The Self and Society in Aging Processes / Edition 1

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This volume focuses on the experience of growing old as it is linked to societal factors. Ryff and Marshall construct this "macro" view of aging in society by bridging disciplines and brining together contributors from all the social sciences.

The book is organized into three sections: theoretical perspectives, socioeconomic structures, and contexts of self and society. Leading psychologists, anthropologists, gerontologists, and sociologists present theoretical and empirical advances that forge links between the individual and the social aspects of aging. It is must reading for researchers in all gerontologic specialties, and a valuable text for graduate courses in human development, psychology of aging, and other social aspects of aging.

The book contains black-and-white illustrations.

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What People Are Saying

Matilda White Riley
The text deserves several rounds of applause from both teachers and students; and I am delighted to join them. (Matilda White Riley, DSC, National Institute on Aging)
Glen H. Elder
Essential reading for all who wonder about how society influences the way we age. (Glen H. Elder, Jr., The University of North Carolina at Chapel Hill)
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Product Details

  • ISBN-13: 9780826112675
  • Publisher: Springer Publishing Company, Incorporated
  • Publication date: 6/23/1999
  • Edition description: First Edition
  • Edition number: 1
  • Pages: 504
  • Product dimensions: 6.14 (w) x 9.21 (h) x 1.06 (d)

Meet the Author

Dr. Victor Marshall is Director of the UNC Institute on Aging, Professor of Sociology and Adjunct Professor of Health Behavior and Health Education at the University of North Carolina at Chapel Hill. He also directs the Institute's NIH-funded doctoral and post-doctoral training program.

Carol D. Ryff, Ph.D., is Director of the Institute on Aging and Professor of Psychology at the University of Wisconsin-Madison. Her research centers on the study of psychological well-being, an area in which she has developed multidimensional assessment scales that have been translated to more than 25 different languages and are currently in use studies around the world. Dr. Ryff has catalyzed extensive multidisciplinary research on topics related to life course development (e.g., parenting; aging transitions; social relations, emotions, and health). Since 1996, she has edited four books that summarize recent findings in these areas. She currently directs the MIDUS II (Midlife in the U.S.) national survey, which is funded by a $26 million grant from the National Institute on Aging.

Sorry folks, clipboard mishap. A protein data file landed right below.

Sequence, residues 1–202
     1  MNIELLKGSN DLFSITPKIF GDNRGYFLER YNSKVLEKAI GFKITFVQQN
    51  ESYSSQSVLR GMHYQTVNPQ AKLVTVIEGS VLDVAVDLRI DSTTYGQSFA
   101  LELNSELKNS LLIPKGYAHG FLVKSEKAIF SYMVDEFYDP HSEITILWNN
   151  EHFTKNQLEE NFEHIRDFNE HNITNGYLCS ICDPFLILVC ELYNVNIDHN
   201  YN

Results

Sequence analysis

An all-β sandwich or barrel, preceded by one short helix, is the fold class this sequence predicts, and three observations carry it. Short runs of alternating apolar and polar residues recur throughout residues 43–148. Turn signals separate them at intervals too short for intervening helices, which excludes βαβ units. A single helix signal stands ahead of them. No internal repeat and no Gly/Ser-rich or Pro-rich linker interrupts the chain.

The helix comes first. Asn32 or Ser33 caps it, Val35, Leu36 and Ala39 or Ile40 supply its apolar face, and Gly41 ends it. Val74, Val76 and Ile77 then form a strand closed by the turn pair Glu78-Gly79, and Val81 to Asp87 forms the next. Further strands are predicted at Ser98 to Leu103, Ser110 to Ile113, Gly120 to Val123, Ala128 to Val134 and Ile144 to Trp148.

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Table of Contents

Pt. 1 Theoretical Perspectives on Self and Society Linkages
1 Linking the Self and Society in Social Gerontology: Crossing New Territory via Old Questions 3
2 Social Perspectives on the Self in Later Life 42
3 Neoteny, Naturalization, and Other Constituents of Human Development 67
4 Continuity Theory, Self, and Social Structure 94
5 Identity and Adaptation to the Aging Process 122
6 Self-Development in Adulthood and Aging: The Role of Critical Life Events 150
Pt. 2 Socioeconomic Structures and the Self
7 Practical Consciousness, Social Class, and Self-Concept: A View From Sociology 187
8 Educational Attainment and Self-Making in Later Life 223
9 Forging Macro-Micro Linkages in the Study of Psychological Well-Being 247
10 Income and Subjective Well-Being Over the Life Cycle 279
Pt. 3 Contexts of Self and Society: Work and Family
11 Structure and Agency in the Retirement Process: A Case Study of Montreal Garment Workers 305
12 Gender and Distress in Later Life: The Importance of Lifelong Employment and Familial Experiences 339
13 The Caregiving Context: The Intersection of Social and Individual Influences in the Experience of Family Caregiving 362
14 Linking Social Structure and Self-Concept: Variations in Sense of Mastery 398
15 Intersections of Society, Family, and Self Among Hispanics in Middle and Later Life 423
16 The Social Psychology of Values: Effects of Individual Development, Social Change, and Family Transmission Over the Life Span 453
Index 483
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